Archive for the ‘education’ Category


May 10, 2019

A very big thank you to Mika Provata-Carlone – a Dante scholar, translator, editor and illustrator – for her very thoughtful and insightful review of The Typographic Dante exhibition over at Bookanista:

Having worked on the project independently for so long, it was quite wonderful to discuss it in depth with someone who has such a deep understanding of Dante and the Divine Comedy. As you may know, Barrie discovered Dante’s Inferno through pop culture as a teenager and has never formally studied the life of Dante or the Divine Comedy, even though Dante has been with him as an ongoing project for 30 years now.

At the opening of the show, Barrie also met some medievalists from the British Library and the talk (and performance) inspired Philobiblon, [(on) the love of books], to write a blog post about the first printed editions of Dante’s Divine Comedy.

Interestingly enough, the blog post mentions that as a medievalist, he rarely thinks of the printed history of Dante’s (Divine) Comedy – as a typographer Barrie rarely thought of the manuscripts of the Divine Comedy, until very recently. The British Library online archive ( is a stunning resource and has inspired Barrie to look a little further back into history than his role as a graphic designer and lecturer usually takes him.

He would recommend the following books if you find it all as interesting as he does: Books Before Print by Erik Kwakkel and The Book by Keith Houston.

The Typographic Dante Show is on at the National Poetry Library, South Bank Center until the 30th June.





talking typography in norwich

November 22, 2018

Barrie was out and about at the Norwich University of the Arts at the beginning of November – talking typography, poetry, artists’ books, Dante’s Inferno and various other stuff as it occurred to him – the lecture also included a performance of ‘A Song For An Art School’. If you’ve ever experienced that – you’ll know it’s worth the price of entry alone…

Thank you to Glen Robinson for the invite, and for the students for turning up – a full house and a real joy to be there.

primitive printing

October 26, 2016


One of the nicest things about being part of The Caseroom Press is the larger community of people that it brings you into contact with. We’ve met so many wonderful people at book fairs, and, on occasion, got to work with them here at the University of Lincoln too. Angie Butler has become a regular collaborator with Philippa on her books, and runs (fantastic) book arts workshops with our students every year – and of course there’s Stephen Fowler, the go-to-guy for all your rubber stamping and primitive printing needs.


Stephen has now taken some time out from printing things to write a book on that very subject – and very good it is too. It made Barrie want to quit this crazy typography lark and start stamping.


With an introduction by Rob Ryan (praise indeed), the book covers all the materials and techniques you’ll need to start your own independent primitive print workshop.


The book is full of beautiful examples, experiments and suggestions as to how you might develop your own practice and is awash with delights. The Illustrations include some very nice ‘freeform repeat patterns’ by none other than Jantze Tullett too.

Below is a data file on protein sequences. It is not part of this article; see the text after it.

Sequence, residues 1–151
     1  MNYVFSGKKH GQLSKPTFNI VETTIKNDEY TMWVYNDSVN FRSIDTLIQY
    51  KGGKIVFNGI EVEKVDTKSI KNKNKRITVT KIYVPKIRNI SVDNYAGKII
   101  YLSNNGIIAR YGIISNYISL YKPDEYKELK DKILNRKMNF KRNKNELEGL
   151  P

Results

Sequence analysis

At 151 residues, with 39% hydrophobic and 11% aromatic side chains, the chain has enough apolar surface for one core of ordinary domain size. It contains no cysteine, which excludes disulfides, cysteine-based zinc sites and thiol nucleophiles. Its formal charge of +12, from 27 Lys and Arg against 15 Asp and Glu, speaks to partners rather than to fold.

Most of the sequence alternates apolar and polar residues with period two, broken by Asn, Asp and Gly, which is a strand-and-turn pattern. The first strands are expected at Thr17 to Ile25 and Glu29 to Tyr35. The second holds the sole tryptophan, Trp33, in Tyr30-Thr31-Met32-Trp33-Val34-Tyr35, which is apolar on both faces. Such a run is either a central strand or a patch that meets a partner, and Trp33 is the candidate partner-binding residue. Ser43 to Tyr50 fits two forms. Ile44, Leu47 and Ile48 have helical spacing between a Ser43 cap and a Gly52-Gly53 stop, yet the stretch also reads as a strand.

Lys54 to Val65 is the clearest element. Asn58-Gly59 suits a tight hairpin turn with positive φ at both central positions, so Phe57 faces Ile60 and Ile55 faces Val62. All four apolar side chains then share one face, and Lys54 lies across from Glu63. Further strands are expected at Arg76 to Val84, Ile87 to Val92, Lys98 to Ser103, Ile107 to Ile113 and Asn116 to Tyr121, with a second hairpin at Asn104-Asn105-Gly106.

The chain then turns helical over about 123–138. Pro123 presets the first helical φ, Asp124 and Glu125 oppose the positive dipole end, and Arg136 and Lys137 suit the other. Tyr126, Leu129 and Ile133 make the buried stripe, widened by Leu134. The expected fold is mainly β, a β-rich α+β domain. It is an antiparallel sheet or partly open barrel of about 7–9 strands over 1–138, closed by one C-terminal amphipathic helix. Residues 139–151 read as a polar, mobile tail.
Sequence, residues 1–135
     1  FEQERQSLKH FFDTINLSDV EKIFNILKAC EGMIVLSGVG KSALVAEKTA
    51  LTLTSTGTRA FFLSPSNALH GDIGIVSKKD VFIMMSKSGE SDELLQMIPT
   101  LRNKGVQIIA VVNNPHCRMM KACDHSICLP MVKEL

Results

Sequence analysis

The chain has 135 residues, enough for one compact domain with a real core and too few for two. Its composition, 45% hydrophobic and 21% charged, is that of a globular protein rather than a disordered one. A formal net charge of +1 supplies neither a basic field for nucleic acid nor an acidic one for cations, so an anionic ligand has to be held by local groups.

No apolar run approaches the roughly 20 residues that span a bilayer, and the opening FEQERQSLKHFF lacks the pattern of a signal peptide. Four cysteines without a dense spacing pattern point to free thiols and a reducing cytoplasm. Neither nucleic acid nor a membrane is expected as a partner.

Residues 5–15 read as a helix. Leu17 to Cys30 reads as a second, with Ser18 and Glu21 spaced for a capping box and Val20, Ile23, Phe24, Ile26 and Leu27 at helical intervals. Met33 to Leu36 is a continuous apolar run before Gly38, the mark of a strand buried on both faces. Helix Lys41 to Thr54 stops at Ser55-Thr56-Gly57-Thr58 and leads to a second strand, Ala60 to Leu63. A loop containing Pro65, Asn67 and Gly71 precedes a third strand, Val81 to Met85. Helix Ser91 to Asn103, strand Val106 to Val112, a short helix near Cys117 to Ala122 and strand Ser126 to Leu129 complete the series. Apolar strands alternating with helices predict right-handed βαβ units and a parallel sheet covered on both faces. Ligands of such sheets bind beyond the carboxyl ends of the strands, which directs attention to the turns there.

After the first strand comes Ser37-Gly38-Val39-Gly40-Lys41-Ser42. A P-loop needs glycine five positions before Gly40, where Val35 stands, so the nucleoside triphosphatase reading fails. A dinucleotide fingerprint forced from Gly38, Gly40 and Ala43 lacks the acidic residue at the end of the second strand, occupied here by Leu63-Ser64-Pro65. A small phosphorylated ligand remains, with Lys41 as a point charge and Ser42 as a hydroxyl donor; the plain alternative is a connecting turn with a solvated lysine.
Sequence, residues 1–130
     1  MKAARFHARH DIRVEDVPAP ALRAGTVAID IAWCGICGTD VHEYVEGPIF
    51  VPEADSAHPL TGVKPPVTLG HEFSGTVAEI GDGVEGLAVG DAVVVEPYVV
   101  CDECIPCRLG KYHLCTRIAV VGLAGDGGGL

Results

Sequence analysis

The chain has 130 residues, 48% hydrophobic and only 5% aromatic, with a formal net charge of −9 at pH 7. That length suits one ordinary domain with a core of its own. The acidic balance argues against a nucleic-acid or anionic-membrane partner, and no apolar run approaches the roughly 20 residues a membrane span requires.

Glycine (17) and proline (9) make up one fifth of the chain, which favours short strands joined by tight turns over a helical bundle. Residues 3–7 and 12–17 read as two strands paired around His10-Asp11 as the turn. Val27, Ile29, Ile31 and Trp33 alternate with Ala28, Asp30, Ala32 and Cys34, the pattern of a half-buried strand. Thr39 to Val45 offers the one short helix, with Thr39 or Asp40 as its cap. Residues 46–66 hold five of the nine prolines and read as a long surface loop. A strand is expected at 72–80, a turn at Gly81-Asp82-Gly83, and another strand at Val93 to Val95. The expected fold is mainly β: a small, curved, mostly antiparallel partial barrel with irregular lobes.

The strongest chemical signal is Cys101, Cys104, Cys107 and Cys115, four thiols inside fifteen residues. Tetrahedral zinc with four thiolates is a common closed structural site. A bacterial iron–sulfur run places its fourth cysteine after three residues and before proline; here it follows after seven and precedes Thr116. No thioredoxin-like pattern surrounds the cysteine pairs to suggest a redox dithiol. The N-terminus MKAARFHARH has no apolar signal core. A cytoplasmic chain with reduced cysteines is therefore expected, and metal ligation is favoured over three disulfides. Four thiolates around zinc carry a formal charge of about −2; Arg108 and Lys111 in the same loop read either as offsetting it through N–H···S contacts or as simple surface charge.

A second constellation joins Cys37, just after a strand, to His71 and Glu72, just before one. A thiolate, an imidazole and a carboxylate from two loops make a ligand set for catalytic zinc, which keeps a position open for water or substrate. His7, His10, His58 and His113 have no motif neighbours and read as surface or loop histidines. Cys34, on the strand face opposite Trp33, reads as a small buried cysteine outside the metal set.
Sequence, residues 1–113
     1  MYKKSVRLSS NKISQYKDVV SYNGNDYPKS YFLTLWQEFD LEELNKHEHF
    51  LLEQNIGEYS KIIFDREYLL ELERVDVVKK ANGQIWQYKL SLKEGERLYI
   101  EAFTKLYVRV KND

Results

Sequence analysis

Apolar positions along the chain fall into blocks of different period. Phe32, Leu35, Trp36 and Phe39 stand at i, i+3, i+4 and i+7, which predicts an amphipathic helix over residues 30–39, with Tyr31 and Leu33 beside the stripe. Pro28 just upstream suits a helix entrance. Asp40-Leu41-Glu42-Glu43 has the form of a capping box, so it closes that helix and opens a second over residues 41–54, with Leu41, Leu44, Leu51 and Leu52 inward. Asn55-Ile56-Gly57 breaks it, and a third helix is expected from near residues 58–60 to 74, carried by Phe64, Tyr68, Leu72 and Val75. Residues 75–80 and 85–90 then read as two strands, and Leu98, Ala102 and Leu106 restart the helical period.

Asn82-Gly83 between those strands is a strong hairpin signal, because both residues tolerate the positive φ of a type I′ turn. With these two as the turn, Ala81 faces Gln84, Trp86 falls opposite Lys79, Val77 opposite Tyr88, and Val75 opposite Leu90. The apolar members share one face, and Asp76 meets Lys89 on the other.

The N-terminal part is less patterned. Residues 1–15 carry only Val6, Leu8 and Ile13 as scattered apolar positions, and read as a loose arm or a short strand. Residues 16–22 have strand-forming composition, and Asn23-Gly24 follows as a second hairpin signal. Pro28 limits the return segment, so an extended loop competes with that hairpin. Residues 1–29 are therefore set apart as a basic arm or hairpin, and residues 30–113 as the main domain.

The book is available from Laurence King, or of course Amazon. We’d suggest that if you’re only going to buy one book this year, buy Typewriter Art: A Modern Anthology, but if you’re going to buy two books, buy Rubber Stamping as well.



on the road again

October 23, 2016


Barrie had the pleasure of travelling up to Newcastle on Friday to talk to Graphic Design and Illustration students at the Northumbria University.

He’d been invited up by the extremely talented Sara Ogilvie, and spoke about The Caseroom Press, Typewriter Art and also took a few carrier bags full of Artists’ books for the students to look at (Philippa’s fabric printed Delia Taught Me To Cook was a particular favourite).

There was even a question about his Typographic Dante (he’d not mentioned it in the talk, but one of the students had really done their research). If anyone’s particularly interested in that, there’s an article about it here: Academia.

It was lovely to see Sara again – she’s also one of the illustrators for Utopian Tales – and he was given a grand tour of their studios, wonderful print room and small, but beautifully formed, letterpress studio.

A really delightful day.

So why the rather forlorn picture of his bags on the platform at Newark?

He forgot to take any photos when he was there.

back to where he once belonged

March 6, 2016


Barrie was back up in Edinburgh last week – he was talking about Typewriter Art and then ran a single sided book workshop at the Edinburgh College of Art…


After which, ably attended by Ken Cockburn Alison Bowden and Alan Mason, The Caseroom Press were ‘on table’ at the Fruitmarket Gallery for their annual Artists’ Book Fair.


As you can see, they were the first to arrive, and yet still, somehow, the last to finish setting up.


They obviously spent too much time thinking and not enough time doing.

Barrie also spoke about ‘The Most Ambitious Book We’ve Never Published’; The Utopian Tales. Which inches closer to actually becoming a book. He’s currently waiting on a few of the illustrators to send him their updated biographies.


The Utopian Tales had taken a very long time to come to fruition, and Barrie is finally hoping that he can see the edge of the forest.


August 1, 2015


In the Summer of 2011, we published a book of overheard and overlooked texts – these were all collected by Ken Cockburn and taken from formal signage, graffiti, newspaper headlines, children’s speech, aspiration and deflation…